The virus aftermath won’t be like a hurricane

Even if recession is avoided, recovery is likely to be U-shaped and uncomfortably long.

  • By Justin Lahart,
  • The Wall Street Journal
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When a hurricane rolls in, a river breaches its levee or suddenly shifting tectonic plates shake the earth, the economy can experience a big hit. The ensuing recovery is often even bigger.

But the coronavirus epidemic is no hurricane. It will weigh on the U.S. and global economy far longer, it won’t end with a sudden burst of blue skies and it won’t lead to types of rebuilding efforts—there are no roofs to be reshingled—that have historically helped the economy bounce back from natural disasters.

The shape of the economy as it absorbs and eventually recovers from the coronavirus epidemic is more likely to be U-shaped than V-shaped—with a prolonged bottom.

Ever since the scope of the coronavirus epidemic in Wuhan started becoming clearer in January, economists have been cutting their growth forecasts. Early this year, for example, Deutsche Bank forecast that U.S. gross domestic product would grow at a 1.7% annual rate in the first quarter, and 2.2% in the second. Now its economists are looking for GDP growth of 0.6% in the first quarter, followed by a 0.6% contraction in the second.

In the third quarter, they look for growth to resume, but, says Deutsche’s global head of economic research Peter Hooper, “there is no question there will be an overall loss of consumption and investment activity that does not come back.”

Like most of his peers, Mr. Hooper believes the U.S. will skirt a recession. That is by no means a given, though. The risk of a downturn is very real.

Even without taking into account the effects of full-scale spread of the virus in the U.S., it isn’t difficult to imagine a scenario where as people avoid things such as travel and dining out to reduce risk, businesses cut back on employment, leading to an adverse feedback loop that further hurts spending. Nor is it hard to imagine that small and midsize businesses forced to temporarily halt operations will get pushed to failure.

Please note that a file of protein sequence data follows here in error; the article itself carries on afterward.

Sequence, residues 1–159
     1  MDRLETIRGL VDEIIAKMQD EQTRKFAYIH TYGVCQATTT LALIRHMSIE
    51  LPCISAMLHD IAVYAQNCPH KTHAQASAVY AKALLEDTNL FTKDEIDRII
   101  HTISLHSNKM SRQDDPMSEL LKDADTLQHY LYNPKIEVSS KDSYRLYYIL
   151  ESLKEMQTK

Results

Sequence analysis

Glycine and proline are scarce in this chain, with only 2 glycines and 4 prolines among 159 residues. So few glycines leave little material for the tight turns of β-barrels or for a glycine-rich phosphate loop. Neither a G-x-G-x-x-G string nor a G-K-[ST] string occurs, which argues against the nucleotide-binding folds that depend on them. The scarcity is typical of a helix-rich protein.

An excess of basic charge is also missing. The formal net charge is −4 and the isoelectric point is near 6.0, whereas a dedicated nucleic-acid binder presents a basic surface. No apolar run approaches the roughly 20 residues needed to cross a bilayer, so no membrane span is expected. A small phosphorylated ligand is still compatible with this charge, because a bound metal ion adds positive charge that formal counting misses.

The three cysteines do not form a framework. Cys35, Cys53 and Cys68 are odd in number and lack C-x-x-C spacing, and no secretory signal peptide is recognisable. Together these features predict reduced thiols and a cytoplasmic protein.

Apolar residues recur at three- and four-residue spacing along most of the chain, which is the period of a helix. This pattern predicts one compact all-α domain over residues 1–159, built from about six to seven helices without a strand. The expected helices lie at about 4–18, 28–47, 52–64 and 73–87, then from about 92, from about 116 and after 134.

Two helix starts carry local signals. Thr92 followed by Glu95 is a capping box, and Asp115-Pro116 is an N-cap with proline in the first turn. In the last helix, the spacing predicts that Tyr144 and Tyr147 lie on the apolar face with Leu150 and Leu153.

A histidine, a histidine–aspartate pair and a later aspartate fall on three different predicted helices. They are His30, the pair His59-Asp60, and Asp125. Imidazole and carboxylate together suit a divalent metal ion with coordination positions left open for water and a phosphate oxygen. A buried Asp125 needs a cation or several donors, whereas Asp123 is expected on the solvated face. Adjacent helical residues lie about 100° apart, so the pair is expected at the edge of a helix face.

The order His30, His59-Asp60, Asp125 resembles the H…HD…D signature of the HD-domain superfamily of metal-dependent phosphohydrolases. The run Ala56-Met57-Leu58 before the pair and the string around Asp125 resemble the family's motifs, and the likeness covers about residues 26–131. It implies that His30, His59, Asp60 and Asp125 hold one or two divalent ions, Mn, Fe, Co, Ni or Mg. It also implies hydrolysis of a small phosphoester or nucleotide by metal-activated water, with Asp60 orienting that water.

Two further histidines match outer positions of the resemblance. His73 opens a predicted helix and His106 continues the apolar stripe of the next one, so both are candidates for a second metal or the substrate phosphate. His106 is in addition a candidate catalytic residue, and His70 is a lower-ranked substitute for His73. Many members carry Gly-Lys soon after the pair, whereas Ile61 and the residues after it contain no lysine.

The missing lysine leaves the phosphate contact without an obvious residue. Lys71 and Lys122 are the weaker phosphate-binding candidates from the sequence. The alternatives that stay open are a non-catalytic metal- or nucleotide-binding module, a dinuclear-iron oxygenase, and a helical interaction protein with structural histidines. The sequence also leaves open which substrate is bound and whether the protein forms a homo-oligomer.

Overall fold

There are two major ways the epidemic will affect the economy: through disruptions to the supply of goods from China and elsewhere, and through the measures adopted in the U.S. to curtail the virus’s spread. There is plenty of uncertainty on both counts.

China’s economy has taken a severe hit from the aggressive measures its leaders imposed to curtail the virus’s spread. Data such as daily coal consumption and passenger traffic remain far below year-earlier levels and, while there has been some pickup in business as many provinces and municipalities have relaxed restrictions, the country is struggling to get back to work. That has disrupted global supply chains, and the U.S. economy is getting hurt as a result.

The good news is that China’s actions appear to have worked, or at least slowed the speed of the spread, laying the groundwork for an eventual recovery in activity. One key question: Will the lifting of quarantines and other restrictions lead to fresh outbreaks in China? That could make the resumption of Chinese manufacturing uneven.

Moreover, the spread of the virus to other countries making goods the U.S. depends upon, such as South Korea, is only making supply-chain problems worse. Shortages of key manufacturing components as well as finished goods could be a persistent problem for American businesses, sapping the strength of any recovery.

The other big way the virus will affect the economy is through how people respond to its threat. Already, people are canceling travel plans and avoiding gatherings. How bad the economic damage gets will ultimately depend on how far such social-distancing measures extend and what types of measures state and local governments might adopt to stem coronavirus’s spread.

But it is hard to gauge the scope of such measures as epidemiologists are struggling to understand some basic facts about the virus, such as how fatal and transmissible it is, The underlying problem is that nobody knows how many people have actually been infected, says Caroline Buckee, an epidemiologist at the Harvard T.H. Chan School of Public Health. “We don’t know how many people have no symptoms at all, or who have minor symptoms.”

It could be a while before that information is available. Meanwhile, Americans may only become increasingly cautious, placing spending at further risk.

And absent a vaccine—something that, if it comes, realistically won’t be available for quite some time—signs that the epidemic are starting to be contained probably won’t lead to people, businesses and authorities to abruptly lower their guards. Rather, they will continue to engage in many of the cautious behaviors that helped arrest the virus’s spread. Scattered outbreaks may only reinforce that message.

So there will be no sudden booking of vacations and no immediate resumption of major business conventions.

No V, in other words. The coronavirus epidemic will weaken the economy, and that weakness is likely to last an uncomfortably long time.

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